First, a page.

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Rob Lowe


2021 Manufacturing Innovation: Where We Are

What’s handicapping your innovation operations?

Published: Tuesday, November 2, 2021 - 12:03

Much like many industries, the manufacturing sector has been completely upended by the Covid-19 pandemic. However, unlike many sectors, manufacturing was already in the midst of a consistent cycle of up and downs by the time the Covid-19 pandemic struck.

From sourcing challenges to fighting off more agile insurgents such as Amazon, the need for traditional manufacturing businesses to find innovation success has never been more important. Moreover, given how dire the need for innovation is, manufacturing has emerged as one of the most interesting spaces to watch in the world of business today.

With all that said, as part of our 2021 Innovation R&D and Innovation Agenda study, which polled 300 senior innovation decision makers at companies with annual revenues of at least $1 billion, including 60 within the manufacturing and durable goods categories, we were able to uncover several key findings and trends that are shaping the world of innovation in these categories.

Here are some of the most intriguing results.

Pandemic drives innovation investment

With the Covid-19 pandemic forcing change on every business sector, businesses around the world, including in manufacturing and durable goods, have had to work harder to keep up with market evolutions. And this is likely to continue into the post-pandemic period. In fact, per the study’s findings, 60 percent of respondents said that they planned to see their innovation budgets jump in the wake of the pandemic—with many believing they will likely see a notable bump. However, while this is good news, manufacturing businesses need to make sure they fix any holes in their innovation ops if they want to get full value from their investments.

Disconnect exists between frontline and C-suite

Clear and defined direction and buy-in from the top is a key driver among successful innovation programs. Unfortunately, at most organizations, there is a distinct disconnect between on-the-ground innovation workers and top leadership about the role executives play in driving innovation success. Only 6 percent of C-suite leaders believe that a lack of C-suite engagement in innovation is a “very significant” impediment to innovation ops success, vs. a third of VPs and senior innovators at every other level, from manager to VP. This must be rectified if organizations are going to build the comprehensive innovation ops strategies that are needed today.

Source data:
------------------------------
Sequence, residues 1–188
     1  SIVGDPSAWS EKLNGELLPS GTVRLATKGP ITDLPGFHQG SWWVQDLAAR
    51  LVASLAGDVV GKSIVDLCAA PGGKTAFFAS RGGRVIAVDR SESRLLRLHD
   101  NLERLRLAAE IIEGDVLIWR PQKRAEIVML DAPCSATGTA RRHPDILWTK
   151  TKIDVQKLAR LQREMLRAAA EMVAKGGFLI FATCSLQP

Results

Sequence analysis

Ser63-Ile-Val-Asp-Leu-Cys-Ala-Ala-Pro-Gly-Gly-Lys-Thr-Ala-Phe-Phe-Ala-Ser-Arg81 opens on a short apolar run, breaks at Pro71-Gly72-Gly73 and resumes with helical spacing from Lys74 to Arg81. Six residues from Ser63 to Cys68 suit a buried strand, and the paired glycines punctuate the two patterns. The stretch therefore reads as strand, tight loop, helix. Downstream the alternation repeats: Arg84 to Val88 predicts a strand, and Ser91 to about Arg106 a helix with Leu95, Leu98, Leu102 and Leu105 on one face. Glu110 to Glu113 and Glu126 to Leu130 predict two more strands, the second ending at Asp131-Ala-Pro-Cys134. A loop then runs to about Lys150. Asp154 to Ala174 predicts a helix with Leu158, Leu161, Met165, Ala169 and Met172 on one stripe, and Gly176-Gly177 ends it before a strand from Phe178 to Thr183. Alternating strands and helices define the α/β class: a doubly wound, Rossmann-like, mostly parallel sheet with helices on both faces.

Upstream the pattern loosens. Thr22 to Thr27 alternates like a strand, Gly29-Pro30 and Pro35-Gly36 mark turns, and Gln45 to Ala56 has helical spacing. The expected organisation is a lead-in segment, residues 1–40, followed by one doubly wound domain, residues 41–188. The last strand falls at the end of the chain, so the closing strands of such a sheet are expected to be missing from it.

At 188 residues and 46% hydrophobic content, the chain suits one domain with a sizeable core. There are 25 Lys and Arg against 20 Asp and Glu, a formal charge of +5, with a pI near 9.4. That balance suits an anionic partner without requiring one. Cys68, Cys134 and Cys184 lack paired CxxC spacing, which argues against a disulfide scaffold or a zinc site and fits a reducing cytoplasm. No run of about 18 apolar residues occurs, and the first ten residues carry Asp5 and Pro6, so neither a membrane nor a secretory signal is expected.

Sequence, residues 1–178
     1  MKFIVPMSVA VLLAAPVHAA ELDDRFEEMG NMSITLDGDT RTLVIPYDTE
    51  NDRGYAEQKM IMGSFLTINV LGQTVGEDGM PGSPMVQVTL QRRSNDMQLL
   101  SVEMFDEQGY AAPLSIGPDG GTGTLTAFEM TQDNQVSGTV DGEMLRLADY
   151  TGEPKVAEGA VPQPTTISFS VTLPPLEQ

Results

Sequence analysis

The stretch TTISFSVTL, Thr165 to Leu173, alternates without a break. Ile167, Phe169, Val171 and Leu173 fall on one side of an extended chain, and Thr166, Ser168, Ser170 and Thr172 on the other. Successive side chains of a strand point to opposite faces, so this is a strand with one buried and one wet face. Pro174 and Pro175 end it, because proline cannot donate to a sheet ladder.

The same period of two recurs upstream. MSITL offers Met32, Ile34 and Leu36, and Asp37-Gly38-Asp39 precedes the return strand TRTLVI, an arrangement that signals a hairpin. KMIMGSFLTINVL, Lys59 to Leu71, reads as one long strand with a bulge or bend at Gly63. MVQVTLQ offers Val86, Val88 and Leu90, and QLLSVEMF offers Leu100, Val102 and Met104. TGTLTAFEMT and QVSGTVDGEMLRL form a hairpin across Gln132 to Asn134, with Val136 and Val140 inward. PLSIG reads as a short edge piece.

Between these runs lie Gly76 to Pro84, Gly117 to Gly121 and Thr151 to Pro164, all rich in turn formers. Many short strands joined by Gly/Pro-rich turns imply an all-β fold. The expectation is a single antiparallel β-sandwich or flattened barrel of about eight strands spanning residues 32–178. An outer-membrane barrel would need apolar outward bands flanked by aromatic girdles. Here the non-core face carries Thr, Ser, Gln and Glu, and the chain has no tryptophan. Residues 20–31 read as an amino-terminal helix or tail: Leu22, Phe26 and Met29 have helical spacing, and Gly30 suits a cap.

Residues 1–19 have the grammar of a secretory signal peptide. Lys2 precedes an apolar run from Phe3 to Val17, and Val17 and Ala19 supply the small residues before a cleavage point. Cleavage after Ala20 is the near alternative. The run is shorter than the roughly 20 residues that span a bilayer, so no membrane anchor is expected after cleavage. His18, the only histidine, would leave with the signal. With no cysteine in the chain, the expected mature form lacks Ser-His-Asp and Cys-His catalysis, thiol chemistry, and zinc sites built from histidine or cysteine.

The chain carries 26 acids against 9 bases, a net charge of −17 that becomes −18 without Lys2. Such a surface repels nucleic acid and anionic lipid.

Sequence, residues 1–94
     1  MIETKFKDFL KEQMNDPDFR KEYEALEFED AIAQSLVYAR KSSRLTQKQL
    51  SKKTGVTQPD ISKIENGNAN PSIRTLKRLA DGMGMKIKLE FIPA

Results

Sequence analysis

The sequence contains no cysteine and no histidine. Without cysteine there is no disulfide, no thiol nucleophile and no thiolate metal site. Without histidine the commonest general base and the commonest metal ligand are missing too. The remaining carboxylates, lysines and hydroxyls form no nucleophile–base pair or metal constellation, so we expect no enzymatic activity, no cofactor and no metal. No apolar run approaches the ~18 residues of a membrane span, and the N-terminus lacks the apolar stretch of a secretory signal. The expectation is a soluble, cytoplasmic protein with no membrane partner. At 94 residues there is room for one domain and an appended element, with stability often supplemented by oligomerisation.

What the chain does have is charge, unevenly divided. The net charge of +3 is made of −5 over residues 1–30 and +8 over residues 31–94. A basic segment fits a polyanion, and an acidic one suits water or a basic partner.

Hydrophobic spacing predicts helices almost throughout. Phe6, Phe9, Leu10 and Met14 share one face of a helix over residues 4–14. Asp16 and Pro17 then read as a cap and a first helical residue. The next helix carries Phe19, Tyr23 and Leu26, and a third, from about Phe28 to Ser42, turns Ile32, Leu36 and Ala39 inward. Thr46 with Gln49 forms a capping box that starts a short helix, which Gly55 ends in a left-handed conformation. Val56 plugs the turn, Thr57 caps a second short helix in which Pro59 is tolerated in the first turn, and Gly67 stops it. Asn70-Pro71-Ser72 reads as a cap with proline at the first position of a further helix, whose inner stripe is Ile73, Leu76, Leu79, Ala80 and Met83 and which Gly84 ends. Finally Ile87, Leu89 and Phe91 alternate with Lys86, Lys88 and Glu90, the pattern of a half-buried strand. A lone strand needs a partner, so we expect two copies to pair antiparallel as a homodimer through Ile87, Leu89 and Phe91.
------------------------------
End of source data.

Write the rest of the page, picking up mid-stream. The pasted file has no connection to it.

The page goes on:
Confusion and a lack of collaboration undermine success

Contributing to the confusion over executive buy-in and engagement are concerning trends that exist on the frontlines of innovation ops as well. Although a vast majority of respondents said that they buy into their organization’s stated innovation strategy and goals, the alignment does not always extend to day-to-day execution. This is especially true when it comes to collaboration between teams. According to the research’s findings, nearly two-thirds of respondents said that a lack of internal coordination between innovation groups was either a “very significant” or “somewhat significant” impediment to innovation success—making it the No. 1 obstacle according to respondents in this year’s study. Strategies mean nothing if teams are unable to pull in the same direction. Therefore, organizations must institute defined frameworks, metrics, and reporting to ensure that everyone is on the same page and working toward unified end goals.

Getting innovation right is no easy task. Unfortunately, given the longstanding periods of fluctuation in the manufacturing and durable goods industry, it is hugely important that companies shore up their innovation ops capabilities—and quickly. By keeping some of these trends and pitfalls in mind, manufacturing and durable goods businesses stand a much better chance of achieving tangible innovation success.


About The Author

Rob Lowe’s picture

Rob Lowe

Robert Lowe is CEO and Founder of Wellspring. Wellspring powers world-class innovation management and technology commercialization programs for leading corporations, universities, and government agencies.